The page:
November Newsletter – Portion Distortion

November Newsletter – Portion Distortion

Thanksgiving TableDuring the holiday season I do my best to keep things simple and I try to maintain a level of balance in my life, sticking to my healthy diet and lifestyle routines and not overindulging in food, drink or shopping. Below are some great tips to help you avoid “Holiday Burnout”.

Let me take this opportunity to express my deep gratitude for all of the blessings in my life. Wishing everyone a very happy and healthy Thanksgiving.

Portion Distortion

Food and drink portions have increased dramatically since the 1980’s. Even recipes list larger serving sizes than ever before. In the 1960’s version of The Joy Of Cooking, a brownie recipe served 30- now the exact same recipe serves only 16!

The allure of a “better value” has sucked us into buying large quantities of huge portions on a regular basis. The effect on waistlines everywhere has been catastrophic. Most people encounter over sized portions every day.

Are you a member of the clean plate club? Although your parents may have encouraged you to finish all your food when you were younger, modern instances where this is healthy or necessary are few and far between. How much we eat is all too often dependent on how much we are served. The more on our plate, the more we eat – bigger portions can cause people to eat 30%-50% more than they usually would.

How do your portion sizes measure up?

If you compare portion sizes today to what they were 20 years ago you’ll come to learn why our waistlines have been consistently expanding.  Pre-packaged and restaurant foods are frequently served in large portions, and portion sizes just keep growing! Let’s see how your portion sizes measure up – the following chart provides recommended portion sizes for various food groups.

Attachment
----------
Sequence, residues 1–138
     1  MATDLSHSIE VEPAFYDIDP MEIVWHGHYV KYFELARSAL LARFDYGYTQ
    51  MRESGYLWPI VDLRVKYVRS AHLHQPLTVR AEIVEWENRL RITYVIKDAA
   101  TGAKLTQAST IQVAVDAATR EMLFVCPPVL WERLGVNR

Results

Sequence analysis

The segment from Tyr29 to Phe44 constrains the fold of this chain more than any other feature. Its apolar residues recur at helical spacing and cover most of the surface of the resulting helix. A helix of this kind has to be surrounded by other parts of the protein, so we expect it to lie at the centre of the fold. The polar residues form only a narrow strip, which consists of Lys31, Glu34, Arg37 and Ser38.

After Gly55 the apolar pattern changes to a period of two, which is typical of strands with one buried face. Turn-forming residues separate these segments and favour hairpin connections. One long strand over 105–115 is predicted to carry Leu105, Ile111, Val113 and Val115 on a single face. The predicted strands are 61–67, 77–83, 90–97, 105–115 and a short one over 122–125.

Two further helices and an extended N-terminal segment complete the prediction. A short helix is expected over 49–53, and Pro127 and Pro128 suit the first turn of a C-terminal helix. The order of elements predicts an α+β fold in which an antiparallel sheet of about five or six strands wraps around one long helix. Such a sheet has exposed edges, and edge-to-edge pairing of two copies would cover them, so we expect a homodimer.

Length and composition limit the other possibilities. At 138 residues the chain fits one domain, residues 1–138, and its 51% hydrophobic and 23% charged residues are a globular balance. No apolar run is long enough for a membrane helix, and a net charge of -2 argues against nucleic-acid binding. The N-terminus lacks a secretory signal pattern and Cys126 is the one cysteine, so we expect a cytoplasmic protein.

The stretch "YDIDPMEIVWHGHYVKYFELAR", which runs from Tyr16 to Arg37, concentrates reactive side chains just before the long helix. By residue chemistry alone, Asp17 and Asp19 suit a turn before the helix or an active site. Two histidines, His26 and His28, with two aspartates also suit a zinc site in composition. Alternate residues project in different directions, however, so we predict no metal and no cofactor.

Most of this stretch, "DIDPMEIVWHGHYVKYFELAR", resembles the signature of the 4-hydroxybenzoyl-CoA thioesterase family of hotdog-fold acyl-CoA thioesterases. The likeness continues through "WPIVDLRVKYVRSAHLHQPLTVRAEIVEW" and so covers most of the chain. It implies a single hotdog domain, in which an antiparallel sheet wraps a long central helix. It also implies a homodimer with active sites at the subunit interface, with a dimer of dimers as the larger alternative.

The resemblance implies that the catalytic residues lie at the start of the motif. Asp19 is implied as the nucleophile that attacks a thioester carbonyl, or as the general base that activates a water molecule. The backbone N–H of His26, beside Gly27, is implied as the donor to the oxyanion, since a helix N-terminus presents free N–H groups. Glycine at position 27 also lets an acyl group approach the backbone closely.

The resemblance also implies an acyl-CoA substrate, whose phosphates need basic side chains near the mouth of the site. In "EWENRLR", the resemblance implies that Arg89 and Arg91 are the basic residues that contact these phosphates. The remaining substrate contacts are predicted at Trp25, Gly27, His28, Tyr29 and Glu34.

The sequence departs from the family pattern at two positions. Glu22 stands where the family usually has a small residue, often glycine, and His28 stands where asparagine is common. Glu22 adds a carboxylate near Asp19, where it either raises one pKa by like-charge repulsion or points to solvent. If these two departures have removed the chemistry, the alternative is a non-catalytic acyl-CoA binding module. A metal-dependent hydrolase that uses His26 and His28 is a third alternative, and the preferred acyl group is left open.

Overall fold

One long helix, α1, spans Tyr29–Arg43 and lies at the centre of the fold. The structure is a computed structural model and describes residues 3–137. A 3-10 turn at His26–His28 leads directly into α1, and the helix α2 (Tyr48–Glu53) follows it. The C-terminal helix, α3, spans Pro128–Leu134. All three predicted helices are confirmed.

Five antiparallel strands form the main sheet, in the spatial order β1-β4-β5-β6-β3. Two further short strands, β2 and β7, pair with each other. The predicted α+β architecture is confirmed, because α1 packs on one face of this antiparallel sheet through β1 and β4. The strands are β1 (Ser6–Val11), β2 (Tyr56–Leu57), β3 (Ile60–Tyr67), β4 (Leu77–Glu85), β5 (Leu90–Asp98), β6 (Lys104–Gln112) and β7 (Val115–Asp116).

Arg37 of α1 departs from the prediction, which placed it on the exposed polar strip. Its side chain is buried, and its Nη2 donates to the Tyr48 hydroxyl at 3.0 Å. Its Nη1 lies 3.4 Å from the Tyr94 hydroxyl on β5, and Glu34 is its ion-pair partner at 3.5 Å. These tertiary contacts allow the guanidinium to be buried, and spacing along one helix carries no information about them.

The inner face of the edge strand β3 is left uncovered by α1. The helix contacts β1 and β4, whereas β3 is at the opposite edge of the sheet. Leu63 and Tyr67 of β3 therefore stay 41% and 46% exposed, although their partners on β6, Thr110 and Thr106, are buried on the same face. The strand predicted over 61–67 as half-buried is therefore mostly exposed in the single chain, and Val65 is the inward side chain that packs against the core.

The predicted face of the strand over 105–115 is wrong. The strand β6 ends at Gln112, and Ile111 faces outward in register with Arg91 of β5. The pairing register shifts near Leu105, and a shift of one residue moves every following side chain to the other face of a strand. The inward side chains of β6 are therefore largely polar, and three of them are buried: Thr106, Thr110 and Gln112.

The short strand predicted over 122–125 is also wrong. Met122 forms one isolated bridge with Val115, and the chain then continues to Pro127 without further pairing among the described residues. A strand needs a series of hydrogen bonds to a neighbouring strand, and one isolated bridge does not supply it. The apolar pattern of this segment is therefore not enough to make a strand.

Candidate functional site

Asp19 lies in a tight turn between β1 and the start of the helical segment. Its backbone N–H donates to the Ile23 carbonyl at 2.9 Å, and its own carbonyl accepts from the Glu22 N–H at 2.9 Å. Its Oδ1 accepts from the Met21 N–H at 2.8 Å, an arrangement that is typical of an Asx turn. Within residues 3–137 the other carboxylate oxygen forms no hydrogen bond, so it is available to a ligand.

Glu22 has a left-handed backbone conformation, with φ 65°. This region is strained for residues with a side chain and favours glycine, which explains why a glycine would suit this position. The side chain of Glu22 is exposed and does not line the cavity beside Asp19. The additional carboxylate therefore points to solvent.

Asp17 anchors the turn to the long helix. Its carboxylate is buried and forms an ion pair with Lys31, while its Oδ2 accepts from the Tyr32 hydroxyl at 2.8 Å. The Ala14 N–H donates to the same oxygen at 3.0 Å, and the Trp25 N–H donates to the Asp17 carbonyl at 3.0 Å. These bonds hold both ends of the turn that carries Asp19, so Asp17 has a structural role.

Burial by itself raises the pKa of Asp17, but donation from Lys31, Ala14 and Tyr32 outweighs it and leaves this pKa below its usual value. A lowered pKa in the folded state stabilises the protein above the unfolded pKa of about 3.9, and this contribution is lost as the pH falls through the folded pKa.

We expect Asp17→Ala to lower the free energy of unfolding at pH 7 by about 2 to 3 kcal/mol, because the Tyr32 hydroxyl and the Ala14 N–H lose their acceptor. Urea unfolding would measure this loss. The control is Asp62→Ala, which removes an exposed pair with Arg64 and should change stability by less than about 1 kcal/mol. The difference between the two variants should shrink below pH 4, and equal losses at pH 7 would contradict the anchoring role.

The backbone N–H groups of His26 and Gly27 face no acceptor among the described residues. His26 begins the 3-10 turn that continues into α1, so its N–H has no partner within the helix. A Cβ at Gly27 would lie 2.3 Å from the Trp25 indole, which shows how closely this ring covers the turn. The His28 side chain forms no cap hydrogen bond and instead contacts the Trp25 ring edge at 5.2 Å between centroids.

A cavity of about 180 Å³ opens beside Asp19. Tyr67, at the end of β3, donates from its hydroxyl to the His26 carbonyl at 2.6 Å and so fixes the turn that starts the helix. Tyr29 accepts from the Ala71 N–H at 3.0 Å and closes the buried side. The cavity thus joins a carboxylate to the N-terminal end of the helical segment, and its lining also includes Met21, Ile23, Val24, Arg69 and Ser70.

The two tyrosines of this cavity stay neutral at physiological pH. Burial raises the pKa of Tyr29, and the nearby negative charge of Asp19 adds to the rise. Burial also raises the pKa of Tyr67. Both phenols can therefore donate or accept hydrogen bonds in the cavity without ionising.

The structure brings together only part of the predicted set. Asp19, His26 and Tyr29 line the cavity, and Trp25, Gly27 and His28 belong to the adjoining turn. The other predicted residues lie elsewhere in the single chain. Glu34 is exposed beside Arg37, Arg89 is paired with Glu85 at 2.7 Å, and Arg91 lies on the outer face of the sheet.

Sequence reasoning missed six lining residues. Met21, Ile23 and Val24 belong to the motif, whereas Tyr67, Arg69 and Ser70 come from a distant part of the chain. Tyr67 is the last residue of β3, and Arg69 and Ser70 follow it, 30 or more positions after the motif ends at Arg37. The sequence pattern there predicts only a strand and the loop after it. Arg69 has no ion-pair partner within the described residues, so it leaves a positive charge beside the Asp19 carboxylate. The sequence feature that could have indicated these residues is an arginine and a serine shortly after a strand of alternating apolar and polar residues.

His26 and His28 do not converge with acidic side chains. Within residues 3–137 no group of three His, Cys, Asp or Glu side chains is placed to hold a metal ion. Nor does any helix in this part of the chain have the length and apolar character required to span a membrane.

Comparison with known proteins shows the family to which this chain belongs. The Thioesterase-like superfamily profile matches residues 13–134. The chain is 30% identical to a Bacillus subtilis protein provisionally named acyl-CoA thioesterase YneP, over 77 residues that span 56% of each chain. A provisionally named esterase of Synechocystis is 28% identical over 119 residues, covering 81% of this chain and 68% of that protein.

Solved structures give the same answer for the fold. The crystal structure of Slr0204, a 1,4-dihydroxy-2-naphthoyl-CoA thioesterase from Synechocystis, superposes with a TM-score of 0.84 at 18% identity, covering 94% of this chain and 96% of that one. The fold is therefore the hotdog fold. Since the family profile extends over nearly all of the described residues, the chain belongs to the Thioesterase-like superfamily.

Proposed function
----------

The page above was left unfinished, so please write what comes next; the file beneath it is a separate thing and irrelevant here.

Portion Control Tips

  • Portion ControlUse smaller containers. Separate leftovers into single serving containers so you’re less tempted to eat all the remains.
  • When cooking at home, make enough vegetables to fill at least half your plate. This will help control your grain and protein portions.
  • Have a small salad or a glass of water before your meal. It will curb your appetite and give you a sense of satiety.
  • Split an entree. When eating out, ask a friend to share a single entree or set aside half the plate to be packaged for leftovers.
  • Eat slowly and consciously. It takes time for the body’s hunger signals to shut down after eating, so wait about 20 minutes before going back for seconds.
  • Buy single serving snacks or portion into individual bags. You’re more likely to overeat while snacking from large containers.
  • Keep seconds out of sight. Leave the food in the kitchen to avoid refill temptations.
  • Have smaller meals throughout the day. This will keep you satisfied and decrease the urge to eat large portions at traditional mealtimes.

The Perils of Supersizing

Eating too much food in one sitting is hard on your body. Here’s why:

  • Food is meant to be spread throughout the day.  Overdosing on too much food at one time causes pain, upset and sluggish digestion.
  • A surge of glucose is released into the body.  Your pancreas has to work overtime, pumping insulin through the body to absorb all that extra glucose.  This can make you feel spacey, weak, irritable or headachy.
  • Thinking there is some type of emergency, your adrenal glands go into “fight or flight” mode and release adrenaline and cortisol, which is the body’s natural response to stress.
  • When your blood sugar levels finally plummet, you experience wicked cravings for more food – specifically simple carbs or sweets.
  • Research has found that immune system function is affected for at least five hours after consuming large amounts of simple carbohydrates.

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Additional Topics in the October Newsletter Include:

  1. Shedding Light on the DARK Act
  2. November Webinar: Laser Smoking Cessation presented by Joel Auerback